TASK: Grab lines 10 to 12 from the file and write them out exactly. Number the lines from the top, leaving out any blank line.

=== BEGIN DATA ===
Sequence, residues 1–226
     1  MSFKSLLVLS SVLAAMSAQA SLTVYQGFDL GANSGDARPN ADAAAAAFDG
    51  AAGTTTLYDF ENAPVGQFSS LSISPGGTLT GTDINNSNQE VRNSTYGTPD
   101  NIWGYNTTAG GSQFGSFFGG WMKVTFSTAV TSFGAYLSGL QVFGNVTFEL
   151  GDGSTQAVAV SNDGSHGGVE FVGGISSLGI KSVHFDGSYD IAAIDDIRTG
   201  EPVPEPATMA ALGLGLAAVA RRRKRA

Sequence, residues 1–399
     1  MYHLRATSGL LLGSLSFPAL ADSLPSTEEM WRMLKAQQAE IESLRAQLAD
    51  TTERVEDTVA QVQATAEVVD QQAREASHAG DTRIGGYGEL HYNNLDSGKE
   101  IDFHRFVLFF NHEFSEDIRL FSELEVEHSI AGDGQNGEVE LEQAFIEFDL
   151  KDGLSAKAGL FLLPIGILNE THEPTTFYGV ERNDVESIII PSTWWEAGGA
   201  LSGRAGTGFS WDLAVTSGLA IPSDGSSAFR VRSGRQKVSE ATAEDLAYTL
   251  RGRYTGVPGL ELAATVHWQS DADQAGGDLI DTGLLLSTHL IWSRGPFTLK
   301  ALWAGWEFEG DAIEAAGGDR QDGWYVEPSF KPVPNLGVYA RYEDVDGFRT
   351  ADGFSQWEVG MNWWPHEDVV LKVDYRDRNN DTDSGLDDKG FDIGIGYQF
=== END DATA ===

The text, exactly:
   101  IDFHRFVLFF NHEFSEDIRL FSELEVEHSI AGDGQNGEVE LEQAFIEFDL
   151  KDGLSAKAGL FLLPIGILNE THEPTTFYGV ERNDVESIII PSTWWEAGGA
   201  LSGRAGTGFS WDLAVTSGLA IPSDGSSAFR VRSGRQKVSE ATAEDLAYTL